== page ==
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AIT Harvard: TAB A: How to do an 'IN-TEXT CITATION'

In-text citation notes

In-text citation notes:

The Harvard Style stipulates that you must cite in two places:

  • In the Reference List or Bibliography at the end of the essay/document

  •  In the body of the text of your essay/document, this is called In-text citation

There are two main types of In-text citation:  

Direct quotation: Reproduction of a phrase or passage from a book, articles, report. etc.

Paraphrasing:  A restatement of a text or passage in your own words




In-text citation: Paraphrasing examples

In-text paraphrasing (Idea taken from text but put in different words)

On the subject of employee motivation Evenden and Anderson (1992, p. 45) suggest that in order to improve motivation for appraisal, that an objective for each key area of a job need to be developed

Example two: An In-text paraphrase from a journal article

Information prominent: To measure creativity, some psychologists have generated tests of divergent thinking – the ability to think among many paths to generate multiple solutions to a problem (Diakidoy and Spanoudis, 2002, p.444). 

In-text citation: Further Examples

Author Prominent:  Recent educational research Lewis and Jones (2009, p.23) has shown that........      
or  Hill and Reid in a newly published survey (2010, p. 93), argue that........         
.....Walsh (2009) states that new research on health awareness is of primary importance (p. 88).

Pagination: whether to use a page number

In-Text Citation (Author date) - use this in the body of your paper when you express the ideas of a researcher or author using your own words.

In-Text Citation (Author date, page number) - use this in the body of your paper after a direct quote or when paraphrasing a passage, summarising an idea from a particular page or you want to direct the reader to a specific page.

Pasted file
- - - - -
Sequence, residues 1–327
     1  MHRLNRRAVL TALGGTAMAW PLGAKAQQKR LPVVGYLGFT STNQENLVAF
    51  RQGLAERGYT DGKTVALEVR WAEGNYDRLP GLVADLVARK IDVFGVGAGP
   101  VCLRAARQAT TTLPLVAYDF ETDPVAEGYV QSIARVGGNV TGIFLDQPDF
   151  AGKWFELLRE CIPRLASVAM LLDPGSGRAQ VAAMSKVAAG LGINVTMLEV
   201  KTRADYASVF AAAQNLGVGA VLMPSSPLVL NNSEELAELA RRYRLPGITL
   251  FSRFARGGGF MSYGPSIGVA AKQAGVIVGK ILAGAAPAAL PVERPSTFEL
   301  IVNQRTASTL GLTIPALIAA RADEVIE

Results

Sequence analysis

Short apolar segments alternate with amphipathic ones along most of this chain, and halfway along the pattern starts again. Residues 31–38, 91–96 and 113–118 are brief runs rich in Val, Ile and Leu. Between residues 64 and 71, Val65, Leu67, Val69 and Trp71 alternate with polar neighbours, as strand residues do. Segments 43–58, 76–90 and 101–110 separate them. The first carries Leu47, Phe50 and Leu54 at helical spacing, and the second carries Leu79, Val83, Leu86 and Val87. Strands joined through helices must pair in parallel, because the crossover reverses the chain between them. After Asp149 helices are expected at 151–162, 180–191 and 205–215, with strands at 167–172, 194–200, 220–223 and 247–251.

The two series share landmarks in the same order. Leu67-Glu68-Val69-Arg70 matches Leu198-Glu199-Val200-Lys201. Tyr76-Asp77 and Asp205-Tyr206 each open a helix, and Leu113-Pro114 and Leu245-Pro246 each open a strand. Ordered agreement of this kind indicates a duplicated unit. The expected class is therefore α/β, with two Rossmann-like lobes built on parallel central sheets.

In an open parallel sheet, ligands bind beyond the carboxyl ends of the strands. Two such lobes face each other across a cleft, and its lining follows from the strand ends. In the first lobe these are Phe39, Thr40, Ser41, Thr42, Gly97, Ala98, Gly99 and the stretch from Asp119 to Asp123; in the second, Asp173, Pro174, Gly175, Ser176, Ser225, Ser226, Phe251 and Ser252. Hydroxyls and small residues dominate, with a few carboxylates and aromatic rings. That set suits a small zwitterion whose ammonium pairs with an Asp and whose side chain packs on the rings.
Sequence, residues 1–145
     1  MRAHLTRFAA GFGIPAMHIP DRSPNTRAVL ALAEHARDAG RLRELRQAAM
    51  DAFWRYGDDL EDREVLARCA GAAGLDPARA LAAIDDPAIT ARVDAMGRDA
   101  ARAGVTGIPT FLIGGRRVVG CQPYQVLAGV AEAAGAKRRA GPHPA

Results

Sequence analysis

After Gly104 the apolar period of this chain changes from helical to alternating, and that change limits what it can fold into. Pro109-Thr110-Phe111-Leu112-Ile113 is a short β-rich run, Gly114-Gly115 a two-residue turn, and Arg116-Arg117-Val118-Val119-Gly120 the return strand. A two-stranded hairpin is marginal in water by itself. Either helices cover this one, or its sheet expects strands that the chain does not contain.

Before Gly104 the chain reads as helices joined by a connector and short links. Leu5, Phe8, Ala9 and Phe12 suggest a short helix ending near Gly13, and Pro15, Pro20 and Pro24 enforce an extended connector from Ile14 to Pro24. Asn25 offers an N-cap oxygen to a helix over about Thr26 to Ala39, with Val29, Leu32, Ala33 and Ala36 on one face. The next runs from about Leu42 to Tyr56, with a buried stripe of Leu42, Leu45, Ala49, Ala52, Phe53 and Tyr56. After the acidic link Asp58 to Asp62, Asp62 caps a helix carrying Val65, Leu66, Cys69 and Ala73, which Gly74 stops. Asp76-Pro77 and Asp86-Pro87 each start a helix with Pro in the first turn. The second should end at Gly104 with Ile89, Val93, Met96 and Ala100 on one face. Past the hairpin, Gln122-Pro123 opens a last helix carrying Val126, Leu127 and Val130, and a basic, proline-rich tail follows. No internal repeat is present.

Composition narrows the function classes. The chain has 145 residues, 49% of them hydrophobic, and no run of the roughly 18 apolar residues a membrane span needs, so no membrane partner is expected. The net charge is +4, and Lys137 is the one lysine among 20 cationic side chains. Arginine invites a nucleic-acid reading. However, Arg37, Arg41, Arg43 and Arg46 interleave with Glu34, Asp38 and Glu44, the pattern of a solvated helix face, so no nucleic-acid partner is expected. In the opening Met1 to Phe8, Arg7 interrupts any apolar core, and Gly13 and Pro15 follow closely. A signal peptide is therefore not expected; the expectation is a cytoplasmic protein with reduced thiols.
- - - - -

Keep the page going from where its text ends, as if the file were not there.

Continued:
In-text citation: Direct Quotation examples:


As a general rule (which varies depending on subject matter), quotations should be less than 10% of your total word count

When quoting a page or paragraph the page number is always required within the in-text citation


  • Use single quotation marks for quotes.  
  • Double quotation marks for a quoted speech or for a quote within a quote


Examples of In-text citation for quotes:
Example for a single page: (use p.)  
'It would be foolhardy to think that all learning in organizations is planned' (French, 2005, p.123)
Example for a page range (use pp):  
'For organizations, knowledge acquisition is tied up with systems for codifying and disseminating information.' (French, 2005, pp. 140-141)


Example of an extended quote    

If the quotation is of 30 words or over then it should be: (a) On a separate paragraph, (b) In a one size smaller font, (c) Left indented, (d) No quotation marks, (e) Preceded by a full colon.



In speaking of the relationship between empowerment and self-efficacy, French (2005) has this to say: 


The concept of empowerment is founded on the belief that everyone has an internal need for self-determination and a need to cope with environmental demands directly. This suggests that appropriate empowerment strategies can raise the perception of low self-efficacy. Self-efficacy refers to a person's belief that they can perform adequately in a situation. (p.185)